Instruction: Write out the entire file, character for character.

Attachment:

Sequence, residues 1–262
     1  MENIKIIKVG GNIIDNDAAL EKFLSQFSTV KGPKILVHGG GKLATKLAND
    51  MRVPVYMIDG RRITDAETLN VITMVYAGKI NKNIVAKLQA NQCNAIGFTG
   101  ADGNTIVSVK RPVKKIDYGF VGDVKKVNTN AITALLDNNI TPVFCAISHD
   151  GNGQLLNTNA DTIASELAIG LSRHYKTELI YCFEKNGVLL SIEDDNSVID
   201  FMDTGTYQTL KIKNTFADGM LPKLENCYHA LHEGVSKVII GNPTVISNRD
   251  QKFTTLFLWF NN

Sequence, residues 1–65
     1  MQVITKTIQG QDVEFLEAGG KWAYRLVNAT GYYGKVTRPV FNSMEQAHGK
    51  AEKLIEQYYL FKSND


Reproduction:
Sequence, residues 1–262
     1  MENIKIIKVG GNIIDNDAAL EKFLSQFSTV KGPKILVHGG GKLATKLAND
    51  MRVPVYMIDG RRITDAETLN VITMVYAGKI NKNIVAKLQA NQCNAIGFTG
   101  ADGNTIVSVK RPVKKIDYGF VGDVKKVNTN AITALLDNNI TPVFCAISHD
   151  GNGQLLNTNA DTIASELAIG LSRHYKTELI YCFEKNGVLL SIEDDNSVID
   201  FMDTGTYQTL KIKNTFADGM LPKLENCYHA LHEGVSKVII GNPTVISNRD
   251  QKFTTLFLWF NN

Sequence, residues 1–65
     1  MQVITKTIQG QDVEFLEAGG KWAYRLVNAT GYYGKVTRPV FNSMEQAHGK
    51  AEKLIEQYYL FKSND